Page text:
Oxfam's report summarizes its claims to governments in this series of points:
Significantly reduce inequality. Oxfam estimates that it would be possible, through global income redistribution, to provide all people living in poverty with a minimum daily income of $25, while reducing global emissions by 10% (an equivalent figure to approximately the total emissions of the European Union).
Abandon fossil fuels urgently and fairly. Rich countries have contributed disproportionately to climate change, and they must end oil and gas production accordingly. Establishing taxes on large companies and billionaires would help finance the transition to renewable energy.
Put the well-being of the population and the planet before the relentless pursuit of profits, extraction and consumption. Stop using GDP growth as an indicator of humanity's progress.
Notes for editors
Download the report “Climate equality: a planet for the 99%” and the methodological note. You can also consult the Stockholm Environment Institute's dashboard on emissions and inequality.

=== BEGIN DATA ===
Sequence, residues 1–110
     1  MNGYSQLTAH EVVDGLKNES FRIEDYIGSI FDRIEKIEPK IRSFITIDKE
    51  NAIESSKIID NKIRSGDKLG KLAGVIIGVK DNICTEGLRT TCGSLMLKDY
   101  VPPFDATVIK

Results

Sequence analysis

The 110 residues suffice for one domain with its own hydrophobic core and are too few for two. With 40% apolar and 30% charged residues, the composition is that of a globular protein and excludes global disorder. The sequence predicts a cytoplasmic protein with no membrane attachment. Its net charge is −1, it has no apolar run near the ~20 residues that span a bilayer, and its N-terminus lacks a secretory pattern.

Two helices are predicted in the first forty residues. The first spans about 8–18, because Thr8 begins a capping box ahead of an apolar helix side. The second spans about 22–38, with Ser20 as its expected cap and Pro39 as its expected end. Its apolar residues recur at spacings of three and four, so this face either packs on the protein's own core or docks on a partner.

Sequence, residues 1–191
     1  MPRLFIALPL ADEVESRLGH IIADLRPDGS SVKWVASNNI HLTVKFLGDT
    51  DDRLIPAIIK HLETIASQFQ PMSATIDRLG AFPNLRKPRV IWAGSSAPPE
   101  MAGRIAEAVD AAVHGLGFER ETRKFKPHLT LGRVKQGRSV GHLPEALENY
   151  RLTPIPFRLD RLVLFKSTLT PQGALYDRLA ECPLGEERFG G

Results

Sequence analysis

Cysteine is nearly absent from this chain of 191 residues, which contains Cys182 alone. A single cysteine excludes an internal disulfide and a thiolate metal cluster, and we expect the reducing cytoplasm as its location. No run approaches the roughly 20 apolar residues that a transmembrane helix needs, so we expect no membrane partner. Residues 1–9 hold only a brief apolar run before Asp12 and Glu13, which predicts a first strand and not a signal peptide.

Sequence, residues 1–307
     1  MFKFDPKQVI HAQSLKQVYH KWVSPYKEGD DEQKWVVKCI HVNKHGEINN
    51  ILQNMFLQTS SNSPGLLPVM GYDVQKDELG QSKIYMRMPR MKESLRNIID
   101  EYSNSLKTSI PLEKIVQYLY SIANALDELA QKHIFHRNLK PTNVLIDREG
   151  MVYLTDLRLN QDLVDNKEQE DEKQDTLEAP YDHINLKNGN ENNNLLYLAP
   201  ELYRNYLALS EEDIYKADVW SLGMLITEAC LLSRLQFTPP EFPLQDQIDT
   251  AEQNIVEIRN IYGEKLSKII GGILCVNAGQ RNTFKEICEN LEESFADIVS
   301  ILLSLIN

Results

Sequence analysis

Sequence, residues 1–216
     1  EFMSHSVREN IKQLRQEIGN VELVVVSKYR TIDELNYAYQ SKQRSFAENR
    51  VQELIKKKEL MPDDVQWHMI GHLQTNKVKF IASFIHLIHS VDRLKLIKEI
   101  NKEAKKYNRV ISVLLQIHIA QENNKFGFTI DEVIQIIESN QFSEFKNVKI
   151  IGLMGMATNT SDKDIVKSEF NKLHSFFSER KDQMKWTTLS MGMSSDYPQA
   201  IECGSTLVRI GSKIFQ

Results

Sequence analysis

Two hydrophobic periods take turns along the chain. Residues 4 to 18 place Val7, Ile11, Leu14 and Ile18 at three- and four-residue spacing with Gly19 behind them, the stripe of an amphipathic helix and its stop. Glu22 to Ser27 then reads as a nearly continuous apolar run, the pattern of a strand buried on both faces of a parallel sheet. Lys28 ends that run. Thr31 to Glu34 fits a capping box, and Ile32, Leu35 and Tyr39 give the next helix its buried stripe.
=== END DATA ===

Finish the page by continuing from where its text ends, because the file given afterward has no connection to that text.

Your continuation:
Oxfam has launched a global petition to make those who pollute the most pay.
The population of Dublin is 1.4 million, according to data collected by the Central Statistics Office of Ireland.
According to Our World in Data, emissions from road transport account for 15% of total CO2 emissions.
According to SEI research, anyone in the poorest 99% of the population emits an average of 4.1 tonnes of carbon per year. Research by Richard Wilk and Beatriz Barros, which focuses on 20 billionaires, indicates that they emit an average of 8,194 tons of CO2 equivalent per year. This figure includes the total calculation of greenhouse gases, which correspond to approximately 5,959 tons of CO2. 5959 divided by 4.1 equals 1453.
Oxfam research has revealed that the investments of just 125 billionaires emit 393 million tonnes of CO2 equivalent each year – the same amount as France – and an annual average per person a million times higher than that of any person in the 90%. poorest of humanity.